Great opportunity to solve Cyprus: Obama
US President Barack Obama (R) speaks during his meeting with Greek Prime Minister Antonis Samaras in the Oval Office of the White House in Washington.
U.S. President Barack Obama and Greek Prime Minister Antonis Samaras have given optimistic outlook over the stalled talks in the divided island of Cyprus.
“There’s a great opportunity as we speak for the decades-long conflict and tensions that exist in Cyprus to be resolved, and I think we’re both encouraged by the messages that have been coming out of the Greek and Turkish Cypriot communities. And we’re going to be I think working very closely together to see if we can make progress on those fronts,” Obama said after meeting with Samaras at the White House on Aug. 8.
Numerous rounds of peace talks in the last four decades have ended in failure. The latest round that began in 2008 under U.N. envoy Alexander Downer stalled in May last year amid mutual recriminations over who was responsible for the stalemate. Downer recently said it would be a “major mistake” for the international community to take advantage of Greek Cypriots’ current financial crisis to pressure them into a deal reunifying the island.
For his part, Samaras said there’s a lot of synergies that they can have together in order to try and solve as much as they can those problems, including the problem of Cyprus. “I would also like to say that I told the President that we have found huge energy resources in a critical region. Cyprus, Israel and Greece can realign those resources in order to be able to satisfy the European demand, especially for natural gas,” Samaras said.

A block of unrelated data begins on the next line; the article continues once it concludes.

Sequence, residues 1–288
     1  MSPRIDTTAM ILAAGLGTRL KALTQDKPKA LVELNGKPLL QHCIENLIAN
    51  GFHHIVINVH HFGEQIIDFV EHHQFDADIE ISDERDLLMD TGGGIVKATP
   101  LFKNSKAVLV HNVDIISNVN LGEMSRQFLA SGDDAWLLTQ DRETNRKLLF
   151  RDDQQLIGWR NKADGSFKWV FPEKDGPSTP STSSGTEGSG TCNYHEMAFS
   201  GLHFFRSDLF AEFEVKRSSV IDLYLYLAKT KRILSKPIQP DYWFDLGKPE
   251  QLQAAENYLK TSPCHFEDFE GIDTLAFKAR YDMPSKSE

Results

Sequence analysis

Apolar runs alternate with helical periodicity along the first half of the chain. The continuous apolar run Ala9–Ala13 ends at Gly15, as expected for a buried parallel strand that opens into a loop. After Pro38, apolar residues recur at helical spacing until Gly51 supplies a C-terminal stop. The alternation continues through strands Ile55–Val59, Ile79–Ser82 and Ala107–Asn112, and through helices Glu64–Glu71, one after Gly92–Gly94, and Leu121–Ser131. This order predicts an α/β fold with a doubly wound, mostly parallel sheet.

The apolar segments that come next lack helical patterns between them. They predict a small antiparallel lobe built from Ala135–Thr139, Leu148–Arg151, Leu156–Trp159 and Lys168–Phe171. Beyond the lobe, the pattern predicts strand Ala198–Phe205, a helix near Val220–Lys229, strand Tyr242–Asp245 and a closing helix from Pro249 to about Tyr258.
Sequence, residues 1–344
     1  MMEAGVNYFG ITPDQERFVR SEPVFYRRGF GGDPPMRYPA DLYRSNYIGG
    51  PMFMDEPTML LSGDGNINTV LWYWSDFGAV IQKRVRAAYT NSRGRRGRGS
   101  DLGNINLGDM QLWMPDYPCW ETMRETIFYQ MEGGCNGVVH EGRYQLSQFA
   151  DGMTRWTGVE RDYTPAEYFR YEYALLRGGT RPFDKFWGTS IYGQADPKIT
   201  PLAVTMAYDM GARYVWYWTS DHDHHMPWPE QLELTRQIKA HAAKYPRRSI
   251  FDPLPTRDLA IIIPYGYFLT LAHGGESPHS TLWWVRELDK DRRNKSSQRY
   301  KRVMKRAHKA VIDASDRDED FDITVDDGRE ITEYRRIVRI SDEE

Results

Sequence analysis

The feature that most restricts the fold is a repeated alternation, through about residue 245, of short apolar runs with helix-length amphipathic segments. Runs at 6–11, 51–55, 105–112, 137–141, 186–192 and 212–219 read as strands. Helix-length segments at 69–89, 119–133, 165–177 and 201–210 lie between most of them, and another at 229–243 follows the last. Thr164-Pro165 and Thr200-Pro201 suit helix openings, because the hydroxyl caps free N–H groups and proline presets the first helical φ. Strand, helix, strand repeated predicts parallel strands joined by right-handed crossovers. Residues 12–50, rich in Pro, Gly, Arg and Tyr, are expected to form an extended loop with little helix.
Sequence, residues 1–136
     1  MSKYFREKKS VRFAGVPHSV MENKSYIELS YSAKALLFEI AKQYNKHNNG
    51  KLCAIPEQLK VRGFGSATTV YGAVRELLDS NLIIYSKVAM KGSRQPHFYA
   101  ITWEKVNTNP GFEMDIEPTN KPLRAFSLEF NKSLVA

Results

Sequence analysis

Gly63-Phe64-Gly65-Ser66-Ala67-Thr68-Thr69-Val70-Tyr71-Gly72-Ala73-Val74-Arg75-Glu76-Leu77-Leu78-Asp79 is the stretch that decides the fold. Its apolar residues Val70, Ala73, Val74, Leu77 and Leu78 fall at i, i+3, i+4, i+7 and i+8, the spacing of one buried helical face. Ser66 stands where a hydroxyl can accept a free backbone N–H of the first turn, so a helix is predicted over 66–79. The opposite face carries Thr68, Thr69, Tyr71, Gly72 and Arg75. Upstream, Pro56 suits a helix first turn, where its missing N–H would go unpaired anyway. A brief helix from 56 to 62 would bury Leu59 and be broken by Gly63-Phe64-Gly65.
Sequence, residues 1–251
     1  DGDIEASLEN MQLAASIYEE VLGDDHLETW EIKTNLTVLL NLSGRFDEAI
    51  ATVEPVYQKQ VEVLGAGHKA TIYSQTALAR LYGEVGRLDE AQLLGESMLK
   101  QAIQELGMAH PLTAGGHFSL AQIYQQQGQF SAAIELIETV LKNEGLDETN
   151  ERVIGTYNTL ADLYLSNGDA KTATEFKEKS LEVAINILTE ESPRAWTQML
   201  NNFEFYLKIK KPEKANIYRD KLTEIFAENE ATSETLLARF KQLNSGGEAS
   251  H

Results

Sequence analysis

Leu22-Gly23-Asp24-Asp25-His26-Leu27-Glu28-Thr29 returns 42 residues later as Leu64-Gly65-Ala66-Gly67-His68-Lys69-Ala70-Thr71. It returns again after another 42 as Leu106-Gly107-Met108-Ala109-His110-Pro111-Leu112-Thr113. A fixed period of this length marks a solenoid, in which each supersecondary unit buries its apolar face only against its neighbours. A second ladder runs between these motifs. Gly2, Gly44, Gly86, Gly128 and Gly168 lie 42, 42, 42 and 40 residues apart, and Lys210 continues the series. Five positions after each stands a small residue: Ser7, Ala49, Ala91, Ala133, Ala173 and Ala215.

Greek Cyprus, Greece and Israel signed a deal on the same day to cooperate over energy and aiming at securing Europe’s energy supply. A memorandum of understanding was signed by Greek Cypriot Energy Minister George Lakkotrypis, his Greek counterpart Yannis Maniatis and Israel’s Silvan Shalom. Natural gas has been discovered offshore Israel and Greek Cyprus, and studies are underway on building a liquefied natural gas plant in Greek Cyprus.
Obama also called for more growth-oriented policies in Greece, saying the austerity has not been adequate to revive the country’s battered economy. Obama said he was confident in his visitor’s commitment to much-needed reforms.
“What we also agreed to, is that in dealing with the challenges that Greece faces, we cannot simply look at austerity for a strategy,” Obama said. “It’s important that we have a plan for fiscal consolidation to manage the debt,” he told reporters.
“But it’s also important that growth and jobs are our focus, because we know from history that those countries that have growth, countries where employment is high... people have an easier time easing the debt burdens than countries where people are feeling hopeless,” Obama added. Greece has struggled to meet targets set by the bailout program, which require it to boost tax collection, sell off state assets, and pare back government to narrow its deficit and cut borrowing needs.